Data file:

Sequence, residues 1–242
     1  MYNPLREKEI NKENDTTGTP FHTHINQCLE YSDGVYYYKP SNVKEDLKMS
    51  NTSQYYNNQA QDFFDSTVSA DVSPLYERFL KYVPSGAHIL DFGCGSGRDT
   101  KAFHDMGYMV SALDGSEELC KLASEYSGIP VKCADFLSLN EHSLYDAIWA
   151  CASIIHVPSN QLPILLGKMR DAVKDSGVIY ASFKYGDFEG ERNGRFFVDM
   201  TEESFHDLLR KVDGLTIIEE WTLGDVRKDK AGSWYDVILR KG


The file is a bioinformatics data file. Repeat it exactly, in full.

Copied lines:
Sequence, residues 1–242
     1  MYNPLREKEI NKENDTTGTP FHTHINQCLE YSDGVYYYKP SNVKEDLKMS
    51  NTSQYYNNQA QDFFDSTVSA DVSPLYERFL KYVPSGAHIL DFGCGSGRDT
   101  KAFHDMGYMV SALDGSEELC KLASEYSGIP VKCADFLSLN EHSLYDAIWA
   151  CASIIHVPSN QLPILLGKMR DAVKDSGVIY ASFKYGDFEG ERNGRFFVDM
   201  TEESFHDLLR KVDGLTIIEE WTLGDVRKDK AGSWYDVILR KG